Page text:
Working during a hurricane: 'It was a madhouse'

Two years ago, Hurricane Charlie hit rural Hardee County in central Florida with Category 4 power -- the same rating Hurricane Katrina had in 2005 when it hit New Orleans. In two hours starting at 5:15pm, Charlie levelled nearly everything standing -- virtually every tree, radio tower and light pole.

The telephone service in the county's centre is underground, but the storm pulled many of the cables out of the ground, caught in the roots of 200-year-old oaks. By the time it was finished, 75 percent of the buildings in the county were destroyed or severely damaged. "We are still pulling down homes destroyed by the storm two years later," says Don Faulkner, the sole IT staffer for the county's emergency management centre. "Weeks later, I would see concrete block walls fall. The storm had broken the mortar, and suddenly they would just sag and collapse. Today the tallest tree in the county is about 10 metres high."

Faulkner said the experience held a number of lessons:

Be prepared

Charlie arrived just as Hardee was moving its server system into a new emergency management building, actually its old jail, with two-foot-thick walls and windows protected by armored screens "that can take a hit from a 2-by-4 at 60 mph without denting", says Faulkner. But on August 13 2004 the move was not complete. The building had emergency power from a diesel generator, and the council's T1 connection had been moved to it along with the detached storage server.

"Our other servers were still in the old server room in the building next door, which had no emergency power. As an emergency measure, I ran 120 metres of 12 gauge extension cord from the generator to the old server room and shut down everything non-essential. I brought back backup tapes, disks, basically anything I could carry, and covered everything else in plastic in case the rain got in." As it turned out, that extension cord, lying on the ground between the buildings, survived when everything else failed. A good thing, because the county's DNS, Web and e-mail servers were in that room, and for four days after the storm the only communications the county had with the outside world was e-mail.

Hope for the best, but prepare for the worst

That morning Charlie seemed to be heading somewhere else, and the area was at Level 2 on the emergency management system. "At 11am we heard it had changed direction and was coming directly at us," he says. "Then it speeded up. So we only had a few hours to prepare. It was a madhouse."

At 5.15pm, wind speeds reached 45 mph with gusts to 60 mph, and the electric utility shut down power to protect its substations. At that wind speed, fire engines and ambulances cannot operate safely. But the storm was only starting. An hour later, the centre of the 10-mile diameter eye passed one mile east of the town.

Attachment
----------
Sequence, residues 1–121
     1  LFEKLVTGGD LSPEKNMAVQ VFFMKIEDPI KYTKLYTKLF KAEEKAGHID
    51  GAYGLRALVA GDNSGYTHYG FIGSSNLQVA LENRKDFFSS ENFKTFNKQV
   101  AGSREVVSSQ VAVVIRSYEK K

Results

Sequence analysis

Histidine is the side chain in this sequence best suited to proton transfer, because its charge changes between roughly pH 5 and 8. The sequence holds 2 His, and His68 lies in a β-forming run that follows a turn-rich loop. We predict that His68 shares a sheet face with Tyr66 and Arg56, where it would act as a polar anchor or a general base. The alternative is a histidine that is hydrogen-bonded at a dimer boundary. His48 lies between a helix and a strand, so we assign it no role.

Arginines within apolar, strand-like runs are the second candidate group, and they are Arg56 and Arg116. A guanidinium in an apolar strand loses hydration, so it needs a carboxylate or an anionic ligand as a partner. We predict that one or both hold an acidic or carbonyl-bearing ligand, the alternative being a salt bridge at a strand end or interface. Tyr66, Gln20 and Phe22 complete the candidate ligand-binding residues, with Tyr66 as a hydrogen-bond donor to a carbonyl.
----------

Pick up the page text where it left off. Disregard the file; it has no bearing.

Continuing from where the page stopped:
"We were on the second floor of the emergency building, watching out the armoured windows," Faulkner says. "My parents' house, where my family was gathered, is two blocks away. I watched 100-year-old oaks topple over on top of it. Actually, that might have been good. They did some damage, but they held the roof on."

When the wind reached 120mph, it tore the weather station off the top of the emergency management building, so no one knows just how strong the wind got. They estimate 35mph gusts above the 145mph base speed.

"I watched one of the communications towers break off 15 metres up after being hit by flying debris," he says.

Two hours after it started, the wind was back down to 45mph and dropping. Charlie had passed. But it left utter devastation behind.

Plan multiple forms of redundant communications

When the storm passed, the are had no power except for emergency generators, no wireline telephone service, no surviving mobile towers. "Anything on a pole was gone," Faulkner says. "Even the satellite phones wouldn't work for some reason."

The emergency management director looked around and asked what his people could do. "I said, 'The Internet is still working.' So he sent an e-mail out asking, 'Is anybody out there?' His hands were shaking. When he received a response, there was cheering and a sigh of relief. For the next four days, the Internet was the area's only link with FEMA, the state emergency management office and the outside world in general.

Actually, the survival of the Internet connection was almost accidental. The council had an older T1 installation that was powered from its end rather than from the phone company, and it was hooked into the emergency generator. Without that, the area would have been totally cut off.

Today there's DSL, wireless satellite and a backpack satellite transceiver. And it has a new T1. "The installers wanted to power it from the phone system, but I insisted that it be powered from our end and hooked into the generator." And it has a new propane generator that can go from cold to full power in seconds.

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